At social gatherings we are sometimes asked, “So what do you do?” I find this question a bit awkward….maybe even slightly offensive. The question really means…”What is your current occupation or job.” Well what if one doesn’t have a job, or is underemployed? Or what if one has a much broader understanding of what it is “they do” which can’t be explained or summed up in a simple word or sentence.
And in my case, I often hesitate to say to someone…. “I’m a pastor.” Or “I’m a preacher.” Because saying this is often followed by an awkward silence, or the subject quickly changes, or maybe I might hear something ridiculous like, “Oh! I’ll try and be on my best behavior, reverend.”
So now, when I feel so inclined to answer this question (What do you do?), I sometimes say…. “I traffic in narratives.” A look of confusion and a moment of silence follows. Then I hear … “Interesting answer. What do you mean?” Where upon I answer…. “I’m a preacher.” From there the conversation gets interesting and much more entertaining. I then have the opportunity to share about the narrative (Christian, in my case) through which I understand the world. It can lead to deeper questions such as, What’s the narrative guides your life? How do you see the world? What gives your life meaning? How is your work restoring the world? NOW THESE ARE THE QUESTIONS WE SHOULD BE ASKING EACH OTHER! Life’s too short for superficial small talk!
My fundamental operating thesis, as I may have mentioned in previous sermons, is … “We humans live and die by the stories we tell ourselves.” In fact, it is story, that makes us human. Another word for story is “narrative”.
This past summer I taught Bible to older children (ages 9 – 12) for a week at one our Mennonite summer camps. We had great conversations as we explored the meaning of foundational biblical stories.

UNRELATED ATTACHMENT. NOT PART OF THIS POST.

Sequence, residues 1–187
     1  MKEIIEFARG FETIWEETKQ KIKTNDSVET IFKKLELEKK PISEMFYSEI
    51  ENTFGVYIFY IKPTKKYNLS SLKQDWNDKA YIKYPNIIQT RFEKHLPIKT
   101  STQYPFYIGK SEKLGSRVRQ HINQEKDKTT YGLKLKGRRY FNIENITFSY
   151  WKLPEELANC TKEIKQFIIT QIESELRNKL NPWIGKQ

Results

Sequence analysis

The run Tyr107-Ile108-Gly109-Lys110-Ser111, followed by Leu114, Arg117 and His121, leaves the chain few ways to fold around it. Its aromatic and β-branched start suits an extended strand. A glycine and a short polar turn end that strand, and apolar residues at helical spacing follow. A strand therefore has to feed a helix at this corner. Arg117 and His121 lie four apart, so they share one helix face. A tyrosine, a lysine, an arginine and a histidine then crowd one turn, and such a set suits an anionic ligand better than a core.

At the evening campfires we always began the time with open questions about “God, life, and the Bible”. On the last night one of the campers asked, “Why did God make humans?” My initial answer was, after a pause,“I don’t know.” But then, the next morning as we met one last time at the campfire site I said, “I thought a bit more about the question, “Why did God make humans.” I think the answer is because God loves stories”. And then I said, “We’ve heard a lot of stories this past week about amazing people and events in the Bible. Those stories are about how God interacts and uses ordinary people in the world. But here’s what you need to know…. believe it or not, God is using you to live out new stories and ways that bring love and joy and hope into the world. God is making great stories through you, I reminded the campers …. both in your challenges, troubles, and failures, and through your successes. Always remember that! God is making unique and important stories that can only can be made through you!
Now you may be wondering…. How does this relate to the story of Peter and Cornelius? Remember what I said my thesis is… “we live and die through the narrative we believe.”? Well, Peter narrative or story is being radically re-written.
In this story Peter’s narrative (and thus his understanding of reality) was expanded. Where Peter originally understood the narrative through an outdated narrow tribal story of exclusivity and labeling…. laws and rituals…. Who’s clean and who’s not. Who’s in and who’s out. Who’s worthy and who’s not. Who’s chosen and who’s not.
Now Peter has a new narrative framed by Jesus… the one who says, “You have heard it said…. but I say to you…..” love your enemy; forgive without measure; judge not others; seek fellowship amongst the outsiders; honor the poor and stand with the oppressed; give up living for money or fame and seek only God and God’s justice…..on earth as in heaven. A NEW NARRATIVE, AND THUS A NEW UNDERSTANDING OF TRUTH.